Take the reins in these key areas and you will win a place back at the big table in leading your company's technology efforts.
10 CIOs: Career Decisions I'd Do Over
(click image for larger view and for slideshow)
Ah yes, the role of the CIO. Does it stand for Career is Over or Chief Innovation Officer? In either case, the current state of the CIO is curious. On one hand, the digital transformation of business is in full swing. On the other hand, line of business managers are both frustrated and armed with a corporate credit card and are out buying the technology services they can’t find in house.
Here are five steps to re-invigorate the CIO position and get you a seat back at the big table.
1. End War And Seek A Negotiated Truce.
Once upon a time, the size of your budget reflected your importance in the company. CIOs with huge technology budgets owned bragging rights, were the envy of less-well-endowed CIOs, and got to play golf and eat steak at vendor-sponsored junkets. Those were the days, but they are gone now. Here's a radical idea: Your value as a CIO will be measured in how much of your budget you give away. Give those budget dollars away to the marketing department, to human resources, to sales and so forth. Crazy idea? I don't think so. You give away the budget and embrace the role of technology conductor, the hub through which all those departments travel.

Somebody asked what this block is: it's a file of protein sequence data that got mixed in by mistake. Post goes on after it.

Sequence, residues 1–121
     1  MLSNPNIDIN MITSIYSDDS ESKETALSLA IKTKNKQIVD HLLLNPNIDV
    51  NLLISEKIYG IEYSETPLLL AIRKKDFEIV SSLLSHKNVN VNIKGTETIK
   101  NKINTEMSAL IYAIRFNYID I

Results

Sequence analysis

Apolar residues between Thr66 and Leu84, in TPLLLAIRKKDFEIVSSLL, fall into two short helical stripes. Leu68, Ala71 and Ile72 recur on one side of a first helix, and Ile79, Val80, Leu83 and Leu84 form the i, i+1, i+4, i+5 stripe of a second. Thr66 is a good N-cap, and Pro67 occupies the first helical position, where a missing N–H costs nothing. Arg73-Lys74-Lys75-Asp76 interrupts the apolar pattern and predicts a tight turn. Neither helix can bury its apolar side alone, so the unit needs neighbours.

This "hub and spoke" strategy stolen from the airline industry satisfies your line of business executives who want the latest, greatest Web service right now and satisfies the CEO who would really like to know that amidst the services chaos, he or she can has one executive who is charting a secure, private, compliant path to company growth. The budget dollars go away, but your influence increases. I credit CIO Michael Skaff for prompting me to think that CIO as hub makes a lot more sense than CIO as technology hoarder.
2. Lead The Business.